Common Tragedies

Thoughts on Environmental Economics

Lessons in demand elasticity

Posted by Daniel Hall on December 13, 2007

Update: The Maryland plan was approved, and the link to the Post article now goes to an article summarizing the vote to approve.  (I can’t find the original article on the Post website.)

The DC Metro system is planning to raise fares on riders to cover a budget shortfall. I’ve argued previously this is a bad idea — the district should toll roads and implement congestion charges and use those funds to cross-subsidize mass transit instead — but what caught my eye in today’s article in the Post was a more basic economics lesson. The board is considering two primary proposals, one from the city, one from the suburbs:

The public debate that led up to that proposal pitted suburban board members, who want to keep parking fees and train fares low, against urban members, who want to keep bus fares low for low-income riders. …

Under both plans, the largest increases would affect rush-hour subway riders, who make up the biggest portion of daily users. Both proposals would increase rush-hour boarding charges by 30 cents, to $1.65 per trip, a 22 percent increase. But the Maryland plan would raise the maximum fare per trip by 60 cents, to $4.50, instead of 80 cents, to $4.70. The Maryland plan also seeks a smaller increase in Metrorail distance charges during rush hour. …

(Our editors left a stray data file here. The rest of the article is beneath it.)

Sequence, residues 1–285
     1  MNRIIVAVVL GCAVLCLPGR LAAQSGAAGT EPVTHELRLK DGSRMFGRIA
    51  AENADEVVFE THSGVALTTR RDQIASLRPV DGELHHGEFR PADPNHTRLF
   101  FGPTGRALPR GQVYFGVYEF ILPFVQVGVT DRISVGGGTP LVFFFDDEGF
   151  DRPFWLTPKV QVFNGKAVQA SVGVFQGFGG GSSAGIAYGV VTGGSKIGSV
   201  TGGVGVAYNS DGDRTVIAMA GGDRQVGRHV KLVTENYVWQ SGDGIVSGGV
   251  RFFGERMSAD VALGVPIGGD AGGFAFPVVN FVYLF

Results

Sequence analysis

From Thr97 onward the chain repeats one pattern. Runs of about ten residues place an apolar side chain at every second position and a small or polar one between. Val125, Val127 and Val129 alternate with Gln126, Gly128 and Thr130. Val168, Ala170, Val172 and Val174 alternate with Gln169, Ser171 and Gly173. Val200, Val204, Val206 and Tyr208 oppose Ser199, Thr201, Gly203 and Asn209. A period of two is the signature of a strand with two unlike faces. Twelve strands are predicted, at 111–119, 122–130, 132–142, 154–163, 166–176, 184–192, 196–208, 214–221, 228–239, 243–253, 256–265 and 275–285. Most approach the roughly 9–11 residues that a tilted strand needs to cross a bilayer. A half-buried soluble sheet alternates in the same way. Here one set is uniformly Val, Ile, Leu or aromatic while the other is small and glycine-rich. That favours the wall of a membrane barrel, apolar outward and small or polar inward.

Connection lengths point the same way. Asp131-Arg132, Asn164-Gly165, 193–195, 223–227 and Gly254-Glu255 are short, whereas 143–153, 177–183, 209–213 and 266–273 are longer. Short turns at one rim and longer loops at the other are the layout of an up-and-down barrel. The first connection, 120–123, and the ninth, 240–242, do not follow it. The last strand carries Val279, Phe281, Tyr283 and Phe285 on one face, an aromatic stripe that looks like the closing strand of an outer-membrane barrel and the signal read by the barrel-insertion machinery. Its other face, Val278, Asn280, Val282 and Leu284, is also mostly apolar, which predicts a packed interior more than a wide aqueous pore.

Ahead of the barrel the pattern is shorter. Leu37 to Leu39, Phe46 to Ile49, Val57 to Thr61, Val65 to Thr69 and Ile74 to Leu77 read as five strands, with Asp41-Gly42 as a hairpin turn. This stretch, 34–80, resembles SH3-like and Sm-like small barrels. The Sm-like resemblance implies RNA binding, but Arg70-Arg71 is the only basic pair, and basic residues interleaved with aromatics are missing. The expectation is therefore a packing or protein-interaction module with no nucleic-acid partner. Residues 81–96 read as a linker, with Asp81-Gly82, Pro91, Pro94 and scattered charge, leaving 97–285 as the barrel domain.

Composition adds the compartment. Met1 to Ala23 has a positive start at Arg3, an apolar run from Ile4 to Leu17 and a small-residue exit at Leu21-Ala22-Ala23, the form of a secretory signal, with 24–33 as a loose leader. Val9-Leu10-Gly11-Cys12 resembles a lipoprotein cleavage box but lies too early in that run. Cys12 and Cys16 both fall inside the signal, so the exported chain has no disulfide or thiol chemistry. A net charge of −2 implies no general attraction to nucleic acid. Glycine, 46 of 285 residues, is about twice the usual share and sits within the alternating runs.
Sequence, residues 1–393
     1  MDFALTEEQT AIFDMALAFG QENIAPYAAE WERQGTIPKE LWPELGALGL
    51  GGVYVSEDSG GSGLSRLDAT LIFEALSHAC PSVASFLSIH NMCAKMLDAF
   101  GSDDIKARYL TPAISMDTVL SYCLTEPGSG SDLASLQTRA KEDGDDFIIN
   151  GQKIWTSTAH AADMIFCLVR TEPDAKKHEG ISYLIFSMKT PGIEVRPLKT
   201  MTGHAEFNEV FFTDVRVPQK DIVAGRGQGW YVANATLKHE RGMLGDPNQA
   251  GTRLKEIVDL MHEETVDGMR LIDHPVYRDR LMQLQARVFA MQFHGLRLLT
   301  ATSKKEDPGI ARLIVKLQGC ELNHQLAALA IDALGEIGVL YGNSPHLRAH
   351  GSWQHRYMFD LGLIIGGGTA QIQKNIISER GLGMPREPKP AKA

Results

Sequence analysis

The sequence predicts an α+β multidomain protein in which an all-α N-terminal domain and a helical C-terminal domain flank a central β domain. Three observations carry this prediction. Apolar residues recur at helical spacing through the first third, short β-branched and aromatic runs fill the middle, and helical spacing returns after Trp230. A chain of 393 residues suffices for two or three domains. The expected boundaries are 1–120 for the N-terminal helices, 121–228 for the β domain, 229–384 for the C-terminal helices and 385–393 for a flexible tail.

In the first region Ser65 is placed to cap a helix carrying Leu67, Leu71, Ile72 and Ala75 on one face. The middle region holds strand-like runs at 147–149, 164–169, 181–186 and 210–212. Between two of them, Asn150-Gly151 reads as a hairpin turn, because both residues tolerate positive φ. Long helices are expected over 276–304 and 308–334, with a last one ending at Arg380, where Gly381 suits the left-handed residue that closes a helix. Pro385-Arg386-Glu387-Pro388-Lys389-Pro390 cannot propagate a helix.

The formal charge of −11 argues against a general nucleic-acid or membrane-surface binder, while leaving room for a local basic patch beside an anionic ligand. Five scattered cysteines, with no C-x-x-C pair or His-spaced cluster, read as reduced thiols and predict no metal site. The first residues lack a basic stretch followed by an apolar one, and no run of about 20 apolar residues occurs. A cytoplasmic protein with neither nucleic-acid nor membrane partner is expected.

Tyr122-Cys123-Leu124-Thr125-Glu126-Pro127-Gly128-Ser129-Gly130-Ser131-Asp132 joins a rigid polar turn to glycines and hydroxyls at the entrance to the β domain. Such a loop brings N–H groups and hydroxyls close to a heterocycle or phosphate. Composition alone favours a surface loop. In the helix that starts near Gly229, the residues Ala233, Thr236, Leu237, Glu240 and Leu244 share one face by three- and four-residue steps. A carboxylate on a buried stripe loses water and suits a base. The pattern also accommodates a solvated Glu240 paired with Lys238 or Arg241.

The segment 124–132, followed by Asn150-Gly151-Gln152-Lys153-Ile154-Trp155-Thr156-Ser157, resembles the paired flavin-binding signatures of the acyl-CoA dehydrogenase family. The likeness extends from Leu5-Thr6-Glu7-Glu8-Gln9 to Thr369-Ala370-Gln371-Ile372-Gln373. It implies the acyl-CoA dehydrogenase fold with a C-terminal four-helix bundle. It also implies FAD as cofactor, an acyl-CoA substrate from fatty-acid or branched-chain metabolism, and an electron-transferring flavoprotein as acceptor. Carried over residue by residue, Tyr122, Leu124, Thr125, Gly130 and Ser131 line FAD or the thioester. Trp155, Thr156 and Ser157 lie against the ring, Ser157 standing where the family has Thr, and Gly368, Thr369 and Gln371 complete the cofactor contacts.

At Metro parking lots, where the daily fee is as high as $4, the public hearing proposal called for a $1.15 increase. The Maryland plan calls for a 75-cent hike for six months, with an option to increase it by 25 cents after that.

So, to summarize, the city wants to raise the price of the longest rush hour trips, and the price of parking at the lots in the outer suburbs, by a bit more than what the suburbs are proposing. Proponents of both proposals think their fare increases will cover the funding gap:

The increases are meant to raise $109 million to help close a projected shortfall in next year’s budget. Under the public hearing proposal, officials estimate the plan would generate about $111 million and that some, but not many, customers would stop riding. Nearly three-fourths of the money would come from the increase in rush-hour train fares, an additional 25 percent from increased parking charges, and 1 percent–about $1 million–from higher bus fares for riders who pay cash.

Maryland members say their alternative would raise between $104 to $109 million because they are predicting that even fewer riders will abandon the system because of higher fares.

So, now the economics: the article says that officials estimate “that some, but not many, customers would stop riding.” So, good, they do think that demand curves slope downward — higher prices mean fewer trips demanded — but they also think demand is somewhat inelastic: “not many” customers would stop riding. Proponents of the Maryland plan think their plan would raise basically the same amount of money despite having smaller fare increases. How? They estimate demand is extremely inelastic: “even fewer riders will abandon the system because of higher fares.”